David Hume is widely regarded as the most important philosopher ever to write in English, but during his lifetime he was attacked as “the Great Infidel” for his skeptical religious views and deemed unfit to teach the young.
In contrast, Adam Smith was a revered professor of moral philosophy, and is now often hailed as the founding father of capitalism. Remarkably, the two were best friends for most of their adult lives, sharing what political science professor Dennis Rasmussen of Tufts University calls the greatest of all philosophical friendships.
In his book The Infidel and the Professor, Dr. Rasmussen tells the story of the friendship of these towering Enlightenment thinkers — and how it influenced their world-changing ideas.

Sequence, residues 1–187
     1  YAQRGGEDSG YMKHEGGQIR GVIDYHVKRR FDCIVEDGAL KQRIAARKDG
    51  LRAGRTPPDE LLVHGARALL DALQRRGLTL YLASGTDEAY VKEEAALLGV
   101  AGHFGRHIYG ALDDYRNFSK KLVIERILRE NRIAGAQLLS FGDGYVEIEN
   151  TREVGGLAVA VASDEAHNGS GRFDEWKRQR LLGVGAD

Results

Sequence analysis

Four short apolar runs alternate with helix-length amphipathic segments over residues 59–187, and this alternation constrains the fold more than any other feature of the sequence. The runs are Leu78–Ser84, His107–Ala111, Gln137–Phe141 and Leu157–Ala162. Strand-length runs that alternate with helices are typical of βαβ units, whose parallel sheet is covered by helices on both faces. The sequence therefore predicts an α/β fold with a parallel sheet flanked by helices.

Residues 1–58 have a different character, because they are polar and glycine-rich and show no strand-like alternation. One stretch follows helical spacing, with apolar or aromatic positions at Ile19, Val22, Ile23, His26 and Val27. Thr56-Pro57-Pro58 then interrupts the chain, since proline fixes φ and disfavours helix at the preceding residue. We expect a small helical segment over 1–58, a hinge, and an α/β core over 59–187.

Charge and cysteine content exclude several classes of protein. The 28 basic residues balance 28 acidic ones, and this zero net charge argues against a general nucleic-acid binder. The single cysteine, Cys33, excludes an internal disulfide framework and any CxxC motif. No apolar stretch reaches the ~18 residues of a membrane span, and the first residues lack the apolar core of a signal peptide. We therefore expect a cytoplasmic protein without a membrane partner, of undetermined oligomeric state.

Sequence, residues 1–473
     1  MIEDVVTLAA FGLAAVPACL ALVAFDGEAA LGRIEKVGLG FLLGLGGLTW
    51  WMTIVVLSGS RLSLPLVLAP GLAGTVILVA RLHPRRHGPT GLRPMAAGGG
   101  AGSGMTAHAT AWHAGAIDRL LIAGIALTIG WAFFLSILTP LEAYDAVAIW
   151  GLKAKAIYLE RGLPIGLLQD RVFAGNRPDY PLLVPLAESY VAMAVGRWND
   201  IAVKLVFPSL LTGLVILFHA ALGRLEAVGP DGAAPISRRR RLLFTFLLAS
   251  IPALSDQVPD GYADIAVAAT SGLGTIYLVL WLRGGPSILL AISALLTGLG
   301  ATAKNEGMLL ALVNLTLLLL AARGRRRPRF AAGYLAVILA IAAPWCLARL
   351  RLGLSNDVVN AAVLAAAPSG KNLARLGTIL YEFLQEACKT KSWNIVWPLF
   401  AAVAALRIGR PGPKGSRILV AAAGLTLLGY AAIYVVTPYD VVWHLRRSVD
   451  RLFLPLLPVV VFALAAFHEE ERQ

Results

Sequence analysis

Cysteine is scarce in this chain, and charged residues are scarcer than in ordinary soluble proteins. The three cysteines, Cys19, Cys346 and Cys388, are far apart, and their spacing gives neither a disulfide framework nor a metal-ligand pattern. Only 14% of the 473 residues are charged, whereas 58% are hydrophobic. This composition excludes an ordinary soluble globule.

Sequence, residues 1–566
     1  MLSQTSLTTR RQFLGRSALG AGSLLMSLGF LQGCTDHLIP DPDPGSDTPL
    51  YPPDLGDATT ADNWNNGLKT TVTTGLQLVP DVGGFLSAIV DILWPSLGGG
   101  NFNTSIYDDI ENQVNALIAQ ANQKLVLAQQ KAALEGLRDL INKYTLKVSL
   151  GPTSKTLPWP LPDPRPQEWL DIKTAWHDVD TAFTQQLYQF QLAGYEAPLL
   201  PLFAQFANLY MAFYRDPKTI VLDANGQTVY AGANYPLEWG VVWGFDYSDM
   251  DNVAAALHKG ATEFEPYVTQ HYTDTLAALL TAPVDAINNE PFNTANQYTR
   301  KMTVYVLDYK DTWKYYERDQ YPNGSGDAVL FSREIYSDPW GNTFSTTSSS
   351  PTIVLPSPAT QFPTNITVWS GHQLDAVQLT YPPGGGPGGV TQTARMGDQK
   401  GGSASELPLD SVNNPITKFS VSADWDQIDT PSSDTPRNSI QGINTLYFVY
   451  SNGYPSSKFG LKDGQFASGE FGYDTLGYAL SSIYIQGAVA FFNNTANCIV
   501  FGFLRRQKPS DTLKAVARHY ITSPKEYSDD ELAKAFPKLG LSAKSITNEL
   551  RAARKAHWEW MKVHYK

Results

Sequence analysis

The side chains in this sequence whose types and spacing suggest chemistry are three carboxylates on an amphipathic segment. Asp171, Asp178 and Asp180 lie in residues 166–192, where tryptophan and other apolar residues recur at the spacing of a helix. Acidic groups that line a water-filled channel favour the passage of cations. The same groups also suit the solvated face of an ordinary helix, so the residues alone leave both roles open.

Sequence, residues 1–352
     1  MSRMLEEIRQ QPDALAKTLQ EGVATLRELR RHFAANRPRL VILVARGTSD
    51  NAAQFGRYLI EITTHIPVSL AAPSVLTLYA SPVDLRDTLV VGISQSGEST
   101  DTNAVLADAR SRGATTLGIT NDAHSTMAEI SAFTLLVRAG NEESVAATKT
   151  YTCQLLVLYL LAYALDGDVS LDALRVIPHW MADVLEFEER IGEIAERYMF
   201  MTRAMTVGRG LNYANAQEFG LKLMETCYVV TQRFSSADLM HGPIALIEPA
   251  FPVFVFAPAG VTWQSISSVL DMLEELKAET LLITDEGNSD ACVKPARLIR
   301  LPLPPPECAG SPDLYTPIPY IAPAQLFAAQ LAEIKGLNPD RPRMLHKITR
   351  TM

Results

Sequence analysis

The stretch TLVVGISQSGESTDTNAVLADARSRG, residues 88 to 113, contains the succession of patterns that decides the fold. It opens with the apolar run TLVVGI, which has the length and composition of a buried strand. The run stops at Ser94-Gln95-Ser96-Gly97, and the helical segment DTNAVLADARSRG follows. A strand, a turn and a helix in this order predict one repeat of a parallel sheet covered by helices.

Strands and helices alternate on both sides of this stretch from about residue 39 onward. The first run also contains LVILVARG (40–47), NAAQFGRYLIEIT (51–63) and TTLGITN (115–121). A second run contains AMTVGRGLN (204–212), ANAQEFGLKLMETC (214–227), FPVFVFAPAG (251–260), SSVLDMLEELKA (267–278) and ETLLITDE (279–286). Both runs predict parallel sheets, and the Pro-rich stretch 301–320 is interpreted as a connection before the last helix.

He will discuss his research in a free public presentation at 5 p.m. Thursday, October 25, in the SoCA Armouries Building’s Performance Hall. The event is sponsored by the Humanities Research Group, the Department of Political Science, and the Reading Liberty group.